NEW YORK, AUG. 1 -- International Business Machines Corp., in a major step to reduce its holdings outside its core computer business, announced today that it plans to sell a majority interest in its U.S. typewriter and personal printer operations to Clayton & Dubilier Inc., a New York-based investment firm.

Clayton & Dubilier President Joseph L. Rice III said the deal was expected to have a total price tag of more than $2 billion. For Clayton & Dubilier, the planned deal would be the biggest in its 12-year history and is the kind of opportunistic buyout in which it specializes.

The firm, a private partnership that operates an investment fund, has earned enviable returns in the past by taking over industrial divisions spun off by large corporations, and it has boosted earnings through improved management.

Clayton & Dubilier sees opportunity in the deal principally because it believes that IBM is so big, and so focused on selling computers, that it has not been able to concentrate sufficiently on marketing the printers, keyboards and other products involved in the deal.

"These products just need to be marketed through their own sales force. That's the only way they're going to get the kind of attention that they need," Rice said.

The planned deal highlights IBM's current strategy of shedding relatively marginal businesses that divert the Armonk, N.Y.-based computer giant's resources and attention from its central interest in information and communications technology.

The deal is expected to be completed late in the year. As a first step following the signing of its agreement with Clayton & Dubilier, IBM said that it was forming a wholly owned subsidiary to consolidate the affected businesses, which are based in Lexington, Ky., and Boulder, Colo. IBM also said that the new company would reduce its work force by about 1,200 employees by the end of the year, to between 3,500 and 4,000 workers, partly through offering retirement incentives.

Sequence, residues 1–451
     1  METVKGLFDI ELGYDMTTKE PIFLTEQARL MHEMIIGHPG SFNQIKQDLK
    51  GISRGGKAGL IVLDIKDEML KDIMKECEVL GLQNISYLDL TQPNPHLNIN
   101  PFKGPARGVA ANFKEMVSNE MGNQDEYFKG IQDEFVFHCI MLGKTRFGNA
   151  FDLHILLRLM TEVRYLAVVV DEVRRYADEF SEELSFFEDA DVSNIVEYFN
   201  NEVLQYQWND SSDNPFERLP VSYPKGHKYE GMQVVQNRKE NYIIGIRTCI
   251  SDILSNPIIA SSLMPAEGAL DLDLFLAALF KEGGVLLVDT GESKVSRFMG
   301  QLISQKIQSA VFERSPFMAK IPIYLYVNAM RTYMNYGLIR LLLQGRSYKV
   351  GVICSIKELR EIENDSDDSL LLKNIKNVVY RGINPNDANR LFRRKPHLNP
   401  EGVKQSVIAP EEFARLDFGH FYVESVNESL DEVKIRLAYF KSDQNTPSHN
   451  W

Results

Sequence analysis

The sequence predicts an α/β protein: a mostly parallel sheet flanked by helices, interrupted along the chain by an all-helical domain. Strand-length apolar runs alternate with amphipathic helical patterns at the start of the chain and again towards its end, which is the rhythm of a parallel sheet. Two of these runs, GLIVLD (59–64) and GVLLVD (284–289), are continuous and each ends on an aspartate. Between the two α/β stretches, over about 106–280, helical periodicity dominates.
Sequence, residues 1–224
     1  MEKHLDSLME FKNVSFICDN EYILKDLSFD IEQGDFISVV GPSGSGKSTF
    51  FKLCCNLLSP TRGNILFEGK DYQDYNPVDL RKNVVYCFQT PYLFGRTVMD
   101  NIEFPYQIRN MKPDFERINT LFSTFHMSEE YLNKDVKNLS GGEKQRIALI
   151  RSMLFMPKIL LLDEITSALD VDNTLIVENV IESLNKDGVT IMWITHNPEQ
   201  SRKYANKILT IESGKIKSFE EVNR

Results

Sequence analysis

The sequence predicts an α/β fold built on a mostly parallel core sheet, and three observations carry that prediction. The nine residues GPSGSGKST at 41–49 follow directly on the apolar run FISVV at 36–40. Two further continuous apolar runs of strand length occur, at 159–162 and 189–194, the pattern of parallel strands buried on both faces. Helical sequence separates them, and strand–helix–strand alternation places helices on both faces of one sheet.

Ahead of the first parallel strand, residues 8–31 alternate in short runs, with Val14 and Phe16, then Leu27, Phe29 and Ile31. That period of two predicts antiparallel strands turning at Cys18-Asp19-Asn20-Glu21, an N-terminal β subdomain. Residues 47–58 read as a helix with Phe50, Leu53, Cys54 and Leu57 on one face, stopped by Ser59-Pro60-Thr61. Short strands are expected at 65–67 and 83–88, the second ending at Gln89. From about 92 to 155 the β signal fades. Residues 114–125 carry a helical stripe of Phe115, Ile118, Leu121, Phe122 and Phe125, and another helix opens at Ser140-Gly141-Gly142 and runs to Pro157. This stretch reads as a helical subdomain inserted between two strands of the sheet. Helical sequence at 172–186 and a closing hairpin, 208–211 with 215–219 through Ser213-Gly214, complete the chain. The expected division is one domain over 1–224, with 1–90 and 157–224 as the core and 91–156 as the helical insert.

The new company, for which a name has not yet been chosen, will have annual revenue of more than $2 billion and would rank among the largest 200 industrial corporations in the United States. It will group together IBM's typewriter, keyboard, intermediate-level and personal printer and supply businesses, including manufacturing and development facilities.

"We will be able to focus our energies on businesses that we think are more central to our core," said Frank Metz, IBM's senior vice president for corporate finance and planning.

Clayton & Dubilier said it would help create an "entrepreneurial environment" at the new typewriter company by selling some stock to the company's managers and creating other incentives to allow employees "to participate in the financial success of the operation."

Previously, Clayton & Dubilier has been best known for its $836 million leveraged buyout of Uniroyal Inc. in 1985 and its purchase of the Oklahoma Safeway Stores Inc. stores.

While Clayton & Dubilier will be the majority owner of the typewriter business, the precise percentage of its ownership and the method of financing have not been determined. The deal will not be final for several months, but both companies expressed confidence that it would go through.

IBM will continue to buy some products, especially intermediate-level printers, from the new company to be created. IBM wishes to retain an ownership stake in the business in order to reap some of the benefits from its $350 million in investments in the early 1980s to modernize the Lexington, Ky., production facilities where the products are made, analysts said.

"They want to spin it off into friendly hands, where they can be assured that they will have supply, and where they can participate in growth over time," said Paul Zorfass, director of computer research at the Yankee Group, a Boston-based market research and consulting company.

In some ways, the planned deal is reminiscent of earlier transactions in which IBM parted with relatively marginal operations. In recent years it has sold its copier business to Eastman Kodak Co. and transferred some of its telecommunications operations to the West German company Siemens AG.